Claims of Misconduct Mar MDMA Research for PTSD

Clinical trials investigating the psychedelic MDMA as a treatment for PTSD are facing claims of research challenges and allegations of misconduct that could mar the results of the research.
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Medical research into using the psychedelic MDMA to treat post-traumatic stress disorder is being called into question following allegations that a clinical trial investigating the treatment was potentially tainted by misconduct. 

The U.S. Food and Drug Administration is currently conducting a review of the psychedelic commonly called ecstasy for patients with PTSD. The treatment is being developed by the Multidisciplinary Association for Psychedelic Studies (MAPS) and its public benefit Lykos, which has conducted clinical trials in a bid to have the therapy approved by the FDA. In 2017, the FDA designated the MDMA-assisted treatment for PTSD as a breakthrough therapy, indicating it may be a significant improvement over existing therapies and clearing the way for further research.

The clinical trials tested MDMA in conjunction with intense therapy administered by a pair of therapists to a group of patients with PTSD. In one stage of the trial, 94 patients were given either MDMA or a placebo during three therapy sessions spaced one month apart. Participants also completed integration sessions to help them process their experiences during the drug therapy sessions.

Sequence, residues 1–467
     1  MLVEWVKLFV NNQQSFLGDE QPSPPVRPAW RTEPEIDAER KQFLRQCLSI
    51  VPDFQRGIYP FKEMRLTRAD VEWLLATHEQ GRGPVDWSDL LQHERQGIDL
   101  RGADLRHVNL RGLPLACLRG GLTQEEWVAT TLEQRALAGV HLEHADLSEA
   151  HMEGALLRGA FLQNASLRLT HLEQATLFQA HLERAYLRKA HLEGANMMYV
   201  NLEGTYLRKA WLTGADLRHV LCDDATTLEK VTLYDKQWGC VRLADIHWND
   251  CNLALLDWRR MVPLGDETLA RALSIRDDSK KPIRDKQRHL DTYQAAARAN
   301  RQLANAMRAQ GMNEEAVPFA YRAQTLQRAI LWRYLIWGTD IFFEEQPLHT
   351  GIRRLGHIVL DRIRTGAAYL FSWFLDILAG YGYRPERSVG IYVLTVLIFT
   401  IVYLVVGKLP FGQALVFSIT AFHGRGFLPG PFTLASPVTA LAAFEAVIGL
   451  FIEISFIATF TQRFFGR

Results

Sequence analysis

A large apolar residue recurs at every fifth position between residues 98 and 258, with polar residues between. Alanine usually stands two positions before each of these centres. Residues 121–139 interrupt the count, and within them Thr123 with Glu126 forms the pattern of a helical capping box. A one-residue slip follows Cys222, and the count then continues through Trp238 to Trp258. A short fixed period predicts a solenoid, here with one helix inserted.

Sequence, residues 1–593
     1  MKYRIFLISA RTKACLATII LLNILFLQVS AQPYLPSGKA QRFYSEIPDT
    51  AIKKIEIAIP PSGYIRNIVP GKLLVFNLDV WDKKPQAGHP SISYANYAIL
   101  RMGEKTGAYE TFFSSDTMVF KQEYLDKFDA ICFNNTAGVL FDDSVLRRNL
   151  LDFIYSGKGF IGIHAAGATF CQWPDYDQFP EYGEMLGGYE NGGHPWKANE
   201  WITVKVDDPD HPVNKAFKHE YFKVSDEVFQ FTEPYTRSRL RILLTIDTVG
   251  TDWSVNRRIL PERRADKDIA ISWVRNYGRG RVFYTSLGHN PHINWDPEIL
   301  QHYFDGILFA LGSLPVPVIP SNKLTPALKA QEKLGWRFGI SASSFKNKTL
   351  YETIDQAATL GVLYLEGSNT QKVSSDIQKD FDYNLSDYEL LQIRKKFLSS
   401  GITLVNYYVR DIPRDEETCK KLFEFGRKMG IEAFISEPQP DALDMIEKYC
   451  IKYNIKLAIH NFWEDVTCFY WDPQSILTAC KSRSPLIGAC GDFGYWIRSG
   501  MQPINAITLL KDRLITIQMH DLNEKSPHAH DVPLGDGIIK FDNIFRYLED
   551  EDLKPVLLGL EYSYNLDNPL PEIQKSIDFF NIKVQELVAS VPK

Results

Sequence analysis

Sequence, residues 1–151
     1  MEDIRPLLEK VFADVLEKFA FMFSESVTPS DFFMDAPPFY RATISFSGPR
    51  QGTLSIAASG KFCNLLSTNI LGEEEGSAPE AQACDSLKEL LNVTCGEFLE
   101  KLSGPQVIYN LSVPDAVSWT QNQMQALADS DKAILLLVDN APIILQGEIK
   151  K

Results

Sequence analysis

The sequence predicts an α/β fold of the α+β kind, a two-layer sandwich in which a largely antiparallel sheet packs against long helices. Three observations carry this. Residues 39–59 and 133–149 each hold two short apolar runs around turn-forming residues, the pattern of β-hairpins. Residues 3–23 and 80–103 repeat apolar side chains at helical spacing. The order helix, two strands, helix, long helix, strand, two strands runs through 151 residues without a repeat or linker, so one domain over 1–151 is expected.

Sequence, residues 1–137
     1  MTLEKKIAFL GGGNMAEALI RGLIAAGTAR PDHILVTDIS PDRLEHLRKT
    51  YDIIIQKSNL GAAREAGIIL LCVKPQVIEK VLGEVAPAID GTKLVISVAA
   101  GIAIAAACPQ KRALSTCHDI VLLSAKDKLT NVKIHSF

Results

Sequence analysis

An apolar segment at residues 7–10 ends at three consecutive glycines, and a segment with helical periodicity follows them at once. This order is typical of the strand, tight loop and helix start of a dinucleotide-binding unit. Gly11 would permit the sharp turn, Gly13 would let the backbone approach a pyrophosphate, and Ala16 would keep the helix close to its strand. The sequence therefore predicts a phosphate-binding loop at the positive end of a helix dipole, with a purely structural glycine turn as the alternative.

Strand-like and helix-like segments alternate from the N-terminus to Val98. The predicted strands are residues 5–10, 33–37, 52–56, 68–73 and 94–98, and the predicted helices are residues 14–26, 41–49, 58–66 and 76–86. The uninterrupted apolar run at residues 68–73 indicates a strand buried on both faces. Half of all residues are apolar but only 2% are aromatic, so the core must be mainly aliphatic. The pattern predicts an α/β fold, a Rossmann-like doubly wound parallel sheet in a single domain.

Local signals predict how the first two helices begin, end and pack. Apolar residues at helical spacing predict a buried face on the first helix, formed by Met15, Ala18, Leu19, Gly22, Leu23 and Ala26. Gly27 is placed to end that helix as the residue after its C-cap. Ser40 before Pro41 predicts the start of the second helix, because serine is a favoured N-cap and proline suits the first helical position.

At the end of the trial, 71% of participants in the MDMA group had experienced an improvement in symptoms and no longer met the diagnostic criteria for PTSD. Among the placebo group, 48% of participants had similar results. Some participants in both groups experienced adverse effects such as anxiety or heart palpitations, although none of the adverse effects were characterized as serious.

“Consistent with PTSD, suicidal ideation was observed in both groups,” the authors reported in the journal Nature Medicine, “MDMA did not appear to increase this risk, and no suicidal behavior was observed.”

Group Reveals Concerns About the Validity of Research Findings

While the research results are promising, an independent investigation of the clinical trial has determined that the findings may not tell the whole story. In a recent draft report, the Institute for Clinical and Economic Review (ICER), a nonprofit that evaluates clinical trials and drug prices, said the investigation found “substantial concerns about the validity of the results” of the MDMA clinical trials. Following the report’s release, a citizen petition filed with the FDA alleged that possible misconduct and ethical violations could mar the credibility of the MDMA research.

The ICER report acknowledges that the research data shows that MDMA may be an “important addition to treatment options for PTSD.” But it also listed several factors that could cloud the results of the study.

The report notes that it is not easy to conduct research into psychedelics because it is difficult to obscure which participants are receiving a placebo and which are receiving the active drug because of the unmistakable effects of psychoactive drugs. As a result, most of the study subjects correctly guessed which group they were in, according to a review of the research released by the FDA on Friday. Without proper blinding, the findings can be skewed by participants or researchers, many of whom see strong promise in the therapeutic potential of the compounds.

“There’s the possibility that the data might not be representative of what’s actually happened in clinical trials,” Neşe Devenot, one of the authors of the citizen petition and a senior lecturer in the writing program at Johns Hopkins University who is involved in psychedelic research, told NPR. “I don’t think this has been publicly reckoned with.”